> Weekly Torah Portion > Beginner > 1 Minute Vort on the Parsha

The Danger of Anger

Matot (Numbers 30:2-32:42 )

by Rabbi Eli Scheller

Moshe was angry with the commanders of the army... (Num. 31:14)

The laws of koshering utensils were transmitted by Elazar and not by Moshe because Moshe had become angry and forgot the laws. The difficulty with this is that Moshe was certainly justified in getting angry. God told the Jews to wage a war against Midian, who were responsible for causing the Jews to commit acts of immorality and idolatry. The troops killed all the males but spared the Midianite women - the ones who were primarily responsible for inciting those sins. Moshe thus became angry at the officers who allowed this. Why then was he punished?

Imagine that you try to open your car door and the key won't turn. You begin to get frustrated and try to force the key to turn - jamming the key inside and causing considerable damage. If you had taken a step back and thought rationally, you would have realized that if the key is having difficulty turning then you must have stuck in the wrong key! When someone gets angry he turns off his intellect and acts on his instincts. He doesn't think rationally any more. Anger and intellect are a contradiction to each other.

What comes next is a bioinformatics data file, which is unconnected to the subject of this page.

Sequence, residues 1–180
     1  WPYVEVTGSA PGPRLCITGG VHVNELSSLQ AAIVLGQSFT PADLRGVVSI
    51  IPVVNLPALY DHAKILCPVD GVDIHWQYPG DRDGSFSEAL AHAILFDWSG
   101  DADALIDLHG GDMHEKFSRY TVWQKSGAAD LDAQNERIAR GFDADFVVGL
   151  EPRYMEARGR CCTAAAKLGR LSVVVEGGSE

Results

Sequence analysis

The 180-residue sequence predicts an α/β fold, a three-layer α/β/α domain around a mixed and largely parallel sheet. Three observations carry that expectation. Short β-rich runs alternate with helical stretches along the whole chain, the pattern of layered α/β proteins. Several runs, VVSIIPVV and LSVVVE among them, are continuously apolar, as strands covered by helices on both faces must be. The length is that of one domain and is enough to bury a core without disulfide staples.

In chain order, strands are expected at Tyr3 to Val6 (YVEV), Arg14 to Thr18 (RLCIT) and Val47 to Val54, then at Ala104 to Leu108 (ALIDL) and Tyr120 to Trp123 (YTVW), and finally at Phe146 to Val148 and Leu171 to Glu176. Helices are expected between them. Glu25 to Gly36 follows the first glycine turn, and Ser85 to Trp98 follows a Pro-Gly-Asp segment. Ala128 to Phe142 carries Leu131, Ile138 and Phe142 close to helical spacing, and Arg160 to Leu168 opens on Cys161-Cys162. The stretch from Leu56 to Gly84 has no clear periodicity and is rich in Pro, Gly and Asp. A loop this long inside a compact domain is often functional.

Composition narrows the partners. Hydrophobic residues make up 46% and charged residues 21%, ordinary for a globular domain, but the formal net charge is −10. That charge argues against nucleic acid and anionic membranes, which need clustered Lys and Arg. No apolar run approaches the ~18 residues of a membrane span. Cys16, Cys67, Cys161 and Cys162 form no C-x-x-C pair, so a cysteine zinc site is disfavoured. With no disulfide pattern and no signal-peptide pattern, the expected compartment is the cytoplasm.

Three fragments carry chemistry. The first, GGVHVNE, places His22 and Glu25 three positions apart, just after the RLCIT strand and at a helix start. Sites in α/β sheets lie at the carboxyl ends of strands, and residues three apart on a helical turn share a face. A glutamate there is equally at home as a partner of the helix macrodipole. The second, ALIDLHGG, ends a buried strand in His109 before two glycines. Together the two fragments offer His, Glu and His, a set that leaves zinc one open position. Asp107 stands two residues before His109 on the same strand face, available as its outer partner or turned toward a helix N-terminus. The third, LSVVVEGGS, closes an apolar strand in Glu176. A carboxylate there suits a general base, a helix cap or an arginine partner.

The fact that the laws were not transmitted through Moshe was not a punishment. Rather, when Moshe became angry his instincts took over and his wisdom was removed from him. He could not remember the laws and so they had to be transmitted through Elazar.

Anger can destroy years of investment in a relationship in a matter of minutes. It destroys one's health, eats away at happiness, and causes a person to lose his ability to think clearly. The trick is to hold yourself back at that initial instinctive reaction to retaliate; bite your tongue for just a few moments and then the anger will subside, enabling you to act rationally.


1. R' Chaim Shmulevitz.



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